All posts from
June 2004

Why visual form matters for information architecture

“(…) the full version was recognized more than the content only version, recognized more than the form only version. The interesting finding is that when the form version was recognized, it happened twice as fast as for the other versions. (…) this is because the cognitive processing of visual information happens faster than that for verbal information. While there is some truth to that, let’s play detective and identify what cognitive mechanism is the culprit here.” (Rashmi Sinh) – courtesy of victor lombardi

10 Accessibility Blunders of the Big Players

“Web accessibility is about making your Website accessible to all Internet users (both disabled and non-disabled), regardless of what browsing technology they’re using. More and more countries have passed laws stating that Websites must be accessible to blind and disabled people. With this kind of legal pressure, and the many benefits of accessibility, the big players on the Web must surely have accessible Websites, right?” (Trenton Moss – sitepoint) – courtesy of deswozhere

Victor Lombardi: The InfoDesign profile

“Victor Lombardi is actively participating in the fields of information architecture and interaction design. He co-founded and served on the board of the Asilomar Institute for Information Architecture. He slaved away as designer for a number of companies, most notably four years at Razorfish. All this while teaching at the Parsons School of Design. He also led the information architecture practice at a global financial services company. Noise Between Stations is Victor’s personal website.” (InfoDesign: Understanding by Design)

UXnet Soft Launch

“User Experience (UX) is an emerging field concerned with improving the design of anything people experience: a web site, a toy, or a museum. UX is inherently interdisciplinary, synthesizing methods, techniques, and wisdom from many fields, ranging from brand design to ethnography to library science to architecture and more. (…) UXnet is dedicated to exploring opportunities for cooperation and collaboration among UX-related organizations and individuals.” (UXnet Mission)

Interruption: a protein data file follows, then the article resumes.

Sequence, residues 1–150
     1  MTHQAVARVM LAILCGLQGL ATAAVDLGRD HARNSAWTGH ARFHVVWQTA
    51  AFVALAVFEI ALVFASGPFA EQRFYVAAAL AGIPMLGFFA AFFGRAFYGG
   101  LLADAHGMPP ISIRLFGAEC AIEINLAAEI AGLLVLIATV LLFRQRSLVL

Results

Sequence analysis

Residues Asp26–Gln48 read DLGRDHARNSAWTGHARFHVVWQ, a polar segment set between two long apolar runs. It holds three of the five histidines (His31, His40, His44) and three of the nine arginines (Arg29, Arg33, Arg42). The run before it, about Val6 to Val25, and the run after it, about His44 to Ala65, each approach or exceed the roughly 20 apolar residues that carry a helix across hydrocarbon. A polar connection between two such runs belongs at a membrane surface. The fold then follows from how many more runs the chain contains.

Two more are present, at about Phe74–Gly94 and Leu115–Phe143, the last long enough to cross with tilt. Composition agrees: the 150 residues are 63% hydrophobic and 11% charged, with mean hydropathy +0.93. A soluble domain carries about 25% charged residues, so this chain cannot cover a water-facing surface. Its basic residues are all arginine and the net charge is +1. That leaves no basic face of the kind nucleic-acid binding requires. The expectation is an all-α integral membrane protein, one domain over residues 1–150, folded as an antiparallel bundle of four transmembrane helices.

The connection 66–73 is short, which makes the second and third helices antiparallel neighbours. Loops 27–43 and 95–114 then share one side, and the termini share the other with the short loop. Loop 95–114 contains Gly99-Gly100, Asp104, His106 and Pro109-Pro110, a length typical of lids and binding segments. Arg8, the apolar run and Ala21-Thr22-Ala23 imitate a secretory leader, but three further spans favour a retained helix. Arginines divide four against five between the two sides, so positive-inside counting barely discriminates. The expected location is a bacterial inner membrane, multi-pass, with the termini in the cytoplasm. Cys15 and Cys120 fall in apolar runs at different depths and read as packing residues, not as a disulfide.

Making Knowledge Management Work on your Intranet

“In the information economy, the longevity of an organization is based as much on the sophistication of its knowledge management practices as it is on traditional differentiators such as the strength of its products, the talent of its employees, and its marketplace reputation and partner relationships. Simply speaking, as actionable and insightful information becomes the currency of an organization, there are few other ways to tap into any latent potential lost in the office corridors.” (Shiv SinghBoxes and Arrows)

An Introduction to Information Architecture

“Information architecture (or IA) is the science — some would insist art — of defining the structure, organization, navigation, labeling and indexing of a Website. It is the role of the information architect to decide how a site should be structured, what kind of content it should host, and how to accommodate future growth. In short, information architecture defines the backbone of a Website.” (Subha Subramanian – sitepoint) – courtesy of xblog

Managing Content with Automatic Document Classification

“News articles and Web directories represent some of the most popular and commonly accessed content on the Web. Information designers normally define categories that model these knowledge domains (i.e. news topics or Web categories) and domain experts assign documents to these categories. The paper describes how machine learning and automatic document classification techniques can be used for managing large numbers of news articles, or Web page descriptions, lightening the load on domain experts.” (Rafael A. Calvo et al. – Journal of Digital Information Vol 5.2)

Toward a Critical Practice in Design

“A critical practice challenges prevailing values through works based in some other set of values. This is a form of conscientiousness. In a world where technique has too often become an end in itself, a culturally critical attitude has become essential to meaningful design. How to seek and identify a problem is as important as how to solve a problem.” (Usability News)